Before Ash Wednesday rings in at midnight tonight, Mardis Gras culminates with one final celebration.
French for Fat Tuesday, Mardi Gras originally referred to the practice of one last night of eating richer, fatty foods before the ritual 40-day fasting of the Lenten season.
Our culture has turned Mardis Gras into week-long festivals. From parades and balls to masks and elaborate costumes, it's the cue for many to overindulge in all sorts of ways.
If you've ever seen New Orleans at 11:59 p.m. on Fat Tuesday, the streets sit ankle deep in discarded masks, broken beads, trampled doubloons, and used food and drink containers.
Fat Tuesday creates a lot of trash.
As we enter our churches tomorrow to begin the 40-days of Lent, we drag our trash in with us. The junk in our lives we've accumulated since last year's Lent.
Stinks up relationships.
Sullies our souls with the refuse of regrets, waste of missed opportunities, and rubbish of shattered dreams.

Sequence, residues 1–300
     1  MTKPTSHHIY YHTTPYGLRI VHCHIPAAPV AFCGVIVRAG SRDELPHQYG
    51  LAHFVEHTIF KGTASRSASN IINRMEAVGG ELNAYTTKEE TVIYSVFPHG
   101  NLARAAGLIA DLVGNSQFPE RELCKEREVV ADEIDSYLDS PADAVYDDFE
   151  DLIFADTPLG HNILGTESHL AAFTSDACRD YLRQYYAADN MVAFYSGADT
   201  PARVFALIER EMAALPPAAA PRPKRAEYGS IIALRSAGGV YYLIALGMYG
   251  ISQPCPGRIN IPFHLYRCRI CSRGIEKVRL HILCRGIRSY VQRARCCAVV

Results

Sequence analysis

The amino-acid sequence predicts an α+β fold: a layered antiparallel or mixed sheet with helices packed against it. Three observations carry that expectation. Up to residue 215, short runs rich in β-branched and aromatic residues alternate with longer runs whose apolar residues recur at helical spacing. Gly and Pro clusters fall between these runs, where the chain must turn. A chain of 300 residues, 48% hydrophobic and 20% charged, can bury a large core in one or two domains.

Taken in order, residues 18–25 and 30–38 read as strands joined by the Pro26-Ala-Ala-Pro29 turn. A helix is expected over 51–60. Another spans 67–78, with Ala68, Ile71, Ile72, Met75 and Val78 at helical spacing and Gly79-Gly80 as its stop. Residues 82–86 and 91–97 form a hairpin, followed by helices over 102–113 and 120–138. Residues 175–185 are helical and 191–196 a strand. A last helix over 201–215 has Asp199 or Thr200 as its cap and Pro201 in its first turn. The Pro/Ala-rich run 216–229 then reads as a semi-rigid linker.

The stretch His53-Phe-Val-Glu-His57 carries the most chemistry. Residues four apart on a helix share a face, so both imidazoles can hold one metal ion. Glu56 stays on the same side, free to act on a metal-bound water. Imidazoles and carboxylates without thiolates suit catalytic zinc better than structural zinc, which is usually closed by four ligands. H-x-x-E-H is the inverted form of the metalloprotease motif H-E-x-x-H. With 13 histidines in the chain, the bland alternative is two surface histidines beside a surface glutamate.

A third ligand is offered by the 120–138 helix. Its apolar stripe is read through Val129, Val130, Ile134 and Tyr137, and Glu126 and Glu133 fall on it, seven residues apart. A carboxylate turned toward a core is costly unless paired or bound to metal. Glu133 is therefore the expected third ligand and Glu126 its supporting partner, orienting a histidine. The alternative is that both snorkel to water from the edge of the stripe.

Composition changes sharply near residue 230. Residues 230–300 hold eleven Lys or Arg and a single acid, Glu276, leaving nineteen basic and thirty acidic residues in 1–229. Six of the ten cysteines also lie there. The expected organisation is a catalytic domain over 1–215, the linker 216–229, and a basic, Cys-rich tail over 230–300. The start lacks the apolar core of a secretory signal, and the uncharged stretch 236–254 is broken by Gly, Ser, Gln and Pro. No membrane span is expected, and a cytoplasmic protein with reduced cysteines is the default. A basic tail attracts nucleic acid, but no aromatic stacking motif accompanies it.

But God still invites us.
As we approach Him, eyes downcast, stumbling on the trash that chokes our freedom, He welcomes us.
He invites us to discard our masks at His feet. Those elaborate disguises that conceal feelings. Hide behaviors. Keep God and others at arms length.
God sees us drowning in our trash, picks us out of the pile, cleanses us, and sets us on a new path.
"Who can compare with God, our God, so majestically enthroned, surveying His magnificent heavens and earth? He picks up the poor from out of the dirt, rescues the wretched who've been thrown out with the trash, and seats them among the honored guests, a place of honor among the brightest and best." Psalm 113:5-8 (MSG)
He invites us to leave the used food and drink containers at the alter in exchange for His bread of life.
The communion of forgiveness.
To heal our hearts.
Redeem us from our sin.
As I prepare to walk into church tomorrow night for our Ash Wednesday service, I'm painfully aware of the rotting trash curling around my feet.
The rancid yards of it trailing behind me.
The putrid bags of it I carry in my heart.
Self-centeredness. Entitlement. Pride.
I'm so thankful for a loving God who still welcomes. Still invites. Still initiates that relationship with me that means everything.
He excels at redeeming us from our trash.
Let's talk: What trash are you trailing? What mask are you wearing? How will you allow God to redeem you from that this Lenten season?